PasiSahlberg-SmallFinland’s education success story is one of the world’s best-known: over the past 40 years, Finnish schools have transformed from a diffuse collection of schools varying in quality to a unified network of independent yet high-performing schools that serve all children well.  These reformed have not only made Finland a star in international education, but also propelled the country to top rankings in an array of economic and social indicators ranging from “best country to start a company” to “best country to be a woman.”

In his October 3 lecture at the Museum of Fine Arts, Houston, as part of the Houston A+ Challenge Speaker Series on Public Education, Sahberg shared insights into Finland’s impressive reforms – including four must-haves for a school reform movement to take root.

1.  We must be in it for the long haul.  It took Finland four decades to transform from an unremarkable system with a substantial achievement gap to a paragon of achievement and equity.  Whether at the local, state or national level, a substantial reform movement in our schools must outlast the administrations that initiate them.

2. We must focus on equity.  When Finland declared that quality education was the right of every child, it narrowed the system’s focus to ensure that each and every child, no matter their circumstances, had every support necessary to achieve at high levels.  That’s why poverty alleviation policies at the national level and nutrition, health, social services and counseling providers at the school level have played such an important role in Finland’s reform strategy.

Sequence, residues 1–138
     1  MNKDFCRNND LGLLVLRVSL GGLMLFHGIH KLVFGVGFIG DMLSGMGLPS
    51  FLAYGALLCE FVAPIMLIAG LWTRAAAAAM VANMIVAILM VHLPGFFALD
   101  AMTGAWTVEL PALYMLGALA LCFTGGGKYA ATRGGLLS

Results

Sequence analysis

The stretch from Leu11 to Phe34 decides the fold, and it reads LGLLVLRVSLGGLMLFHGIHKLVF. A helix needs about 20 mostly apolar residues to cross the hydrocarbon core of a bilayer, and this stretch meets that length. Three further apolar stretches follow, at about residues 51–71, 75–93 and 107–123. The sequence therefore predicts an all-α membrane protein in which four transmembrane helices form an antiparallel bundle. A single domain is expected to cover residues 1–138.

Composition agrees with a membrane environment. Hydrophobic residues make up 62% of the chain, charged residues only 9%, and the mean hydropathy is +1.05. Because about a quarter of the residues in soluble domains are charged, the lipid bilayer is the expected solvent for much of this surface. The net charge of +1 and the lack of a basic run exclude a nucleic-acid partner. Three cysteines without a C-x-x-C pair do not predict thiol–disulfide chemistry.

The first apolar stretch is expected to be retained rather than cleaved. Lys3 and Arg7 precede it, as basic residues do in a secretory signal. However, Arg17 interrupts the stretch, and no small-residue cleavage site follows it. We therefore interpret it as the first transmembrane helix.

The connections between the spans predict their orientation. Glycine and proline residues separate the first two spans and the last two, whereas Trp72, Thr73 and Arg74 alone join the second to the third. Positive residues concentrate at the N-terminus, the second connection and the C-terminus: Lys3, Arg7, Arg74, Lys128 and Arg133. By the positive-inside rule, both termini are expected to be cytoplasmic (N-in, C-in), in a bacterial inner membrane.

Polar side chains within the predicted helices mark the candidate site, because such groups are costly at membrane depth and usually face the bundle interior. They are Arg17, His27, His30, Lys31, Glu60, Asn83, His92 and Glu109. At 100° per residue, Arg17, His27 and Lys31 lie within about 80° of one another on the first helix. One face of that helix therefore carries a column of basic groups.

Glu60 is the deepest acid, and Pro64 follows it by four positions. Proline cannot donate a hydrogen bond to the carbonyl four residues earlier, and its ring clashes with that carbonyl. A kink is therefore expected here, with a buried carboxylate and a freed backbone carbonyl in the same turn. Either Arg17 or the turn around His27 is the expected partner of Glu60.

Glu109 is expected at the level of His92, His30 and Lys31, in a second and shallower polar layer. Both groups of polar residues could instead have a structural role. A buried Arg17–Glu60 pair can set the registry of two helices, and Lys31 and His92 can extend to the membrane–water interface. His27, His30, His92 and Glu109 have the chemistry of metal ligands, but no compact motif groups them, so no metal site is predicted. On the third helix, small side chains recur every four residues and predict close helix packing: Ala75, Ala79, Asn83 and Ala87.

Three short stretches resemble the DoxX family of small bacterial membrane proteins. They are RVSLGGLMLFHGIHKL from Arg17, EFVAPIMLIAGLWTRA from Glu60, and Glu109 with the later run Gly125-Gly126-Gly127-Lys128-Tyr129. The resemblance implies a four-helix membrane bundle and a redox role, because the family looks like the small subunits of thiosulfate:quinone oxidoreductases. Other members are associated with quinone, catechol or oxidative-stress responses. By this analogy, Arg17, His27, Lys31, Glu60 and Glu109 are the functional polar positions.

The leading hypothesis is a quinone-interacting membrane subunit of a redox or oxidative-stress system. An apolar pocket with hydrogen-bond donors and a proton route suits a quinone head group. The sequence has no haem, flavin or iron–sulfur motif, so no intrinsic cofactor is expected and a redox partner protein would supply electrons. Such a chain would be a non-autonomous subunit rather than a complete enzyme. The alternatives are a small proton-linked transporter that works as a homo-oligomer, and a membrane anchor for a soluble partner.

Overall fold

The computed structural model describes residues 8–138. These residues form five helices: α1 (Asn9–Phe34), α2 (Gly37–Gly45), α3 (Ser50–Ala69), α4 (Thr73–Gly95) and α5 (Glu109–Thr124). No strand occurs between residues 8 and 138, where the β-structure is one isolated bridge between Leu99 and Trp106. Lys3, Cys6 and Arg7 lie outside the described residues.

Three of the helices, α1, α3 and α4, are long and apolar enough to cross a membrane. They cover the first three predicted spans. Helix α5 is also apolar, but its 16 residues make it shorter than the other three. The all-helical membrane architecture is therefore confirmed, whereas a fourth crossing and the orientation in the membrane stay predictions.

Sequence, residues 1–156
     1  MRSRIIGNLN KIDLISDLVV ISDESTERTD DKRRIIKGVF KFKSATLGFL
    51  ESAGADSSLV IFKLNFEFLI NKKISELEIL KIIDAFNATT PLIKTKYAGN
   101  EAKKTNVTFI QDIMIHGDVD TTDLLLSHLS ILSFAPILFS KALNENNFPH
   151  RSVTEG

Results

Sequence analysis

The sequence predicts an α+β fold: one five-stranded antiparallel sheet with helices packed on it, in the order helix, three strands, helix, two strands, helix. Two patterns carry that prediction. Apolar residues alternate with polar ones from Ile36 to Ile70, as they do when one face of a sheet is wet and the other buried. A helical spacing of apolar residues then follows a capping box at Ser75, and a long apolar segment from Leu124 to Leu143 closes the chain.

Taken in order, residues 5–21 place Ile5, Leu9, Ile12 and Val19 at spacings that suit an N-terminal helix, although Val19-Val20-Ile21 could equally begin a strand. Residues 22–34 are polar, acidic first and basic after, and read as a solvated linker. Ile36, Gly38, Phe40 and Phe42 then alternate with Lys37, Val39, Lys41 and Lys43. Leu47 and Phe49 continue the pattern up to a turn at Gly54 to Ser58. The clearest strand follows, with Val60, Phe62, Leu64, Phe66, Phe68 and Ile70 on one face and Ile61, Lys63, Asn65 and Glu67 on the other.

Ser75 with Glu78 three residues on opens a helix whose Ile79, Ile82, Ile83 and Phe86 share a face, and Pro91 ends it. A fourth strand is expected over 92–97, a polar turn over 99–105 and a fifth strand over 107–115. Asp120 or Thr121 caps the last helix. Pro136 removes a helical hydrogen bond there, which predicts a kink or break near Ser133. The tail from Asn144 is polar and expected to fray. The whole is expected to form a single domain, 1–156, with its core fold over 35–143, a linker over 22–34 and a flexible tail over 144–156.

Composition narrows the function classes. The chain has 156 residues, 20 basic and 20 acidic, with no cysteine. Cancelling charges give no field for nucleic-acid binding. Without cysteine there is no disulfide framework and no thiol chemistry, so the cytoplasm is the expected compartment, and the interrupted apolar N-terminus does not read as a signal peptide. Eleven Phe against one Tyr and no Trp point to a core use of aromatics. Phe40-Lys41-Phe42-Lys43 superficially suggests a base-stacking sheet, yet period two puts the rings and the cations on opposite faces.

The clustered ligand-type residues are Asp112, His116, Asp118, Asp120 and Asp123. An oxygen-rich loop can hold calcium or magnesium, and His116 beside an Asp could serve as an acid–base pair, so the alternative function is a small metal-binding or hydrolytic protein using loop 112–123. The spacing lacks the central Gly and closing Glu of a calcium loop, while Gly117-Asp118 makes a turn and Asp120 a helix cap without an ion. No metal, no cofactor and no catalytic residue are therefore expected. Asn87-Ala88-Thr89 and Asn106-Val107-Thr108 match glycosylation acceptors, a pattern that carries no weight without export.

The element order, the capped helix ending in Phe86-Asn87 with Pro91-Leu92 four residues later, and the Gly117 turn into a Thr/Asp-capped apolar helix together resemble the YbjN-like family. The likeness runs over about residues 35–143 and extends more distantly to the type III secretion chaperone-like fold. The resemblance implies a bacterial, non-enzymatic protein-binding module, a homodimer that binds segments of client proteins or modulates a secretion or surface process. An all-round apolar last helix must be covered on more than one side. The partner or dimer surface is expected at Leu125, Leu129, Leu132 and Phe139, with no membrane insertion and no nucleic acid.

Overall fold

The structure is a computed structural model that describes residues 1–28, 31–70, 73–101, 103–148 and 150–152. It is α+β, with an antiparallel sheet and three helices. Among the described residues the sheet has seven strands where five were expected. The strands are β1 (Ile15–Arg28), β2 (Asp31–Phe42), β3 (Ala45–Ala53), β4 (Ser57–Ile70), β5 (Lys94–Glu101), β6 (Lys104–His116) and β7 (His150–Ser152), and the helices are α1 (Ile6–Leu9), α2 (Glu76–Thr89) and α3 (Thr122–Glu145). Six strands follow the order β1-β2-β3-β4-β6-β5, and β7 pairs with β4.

3. We must invest in great teaching.  A school system cannot exceed the quality and effectiveness of its frontline educators – and Finland’s corps of carefully selected, highly trained, well paid, empowered and entrusted teachers are among the best in the world.  Whether investments are made in teacher pay, recruiting & training, ongoing professional development, or workload, a successful school reform movement must center on great teaching & learning.

4. We must spread our own best practices. The U.S. may perform below the world average as a whole, but it is home to some of the world’s best schools, teachers, and ideas.  Many of the pedagogical tenets and strategies practiced in Finland and other top-performing systems originated right here in the U.S.  If the U.S. seeks to make a system-wide change, we need look no further than the top research and practice happening in our backyard.

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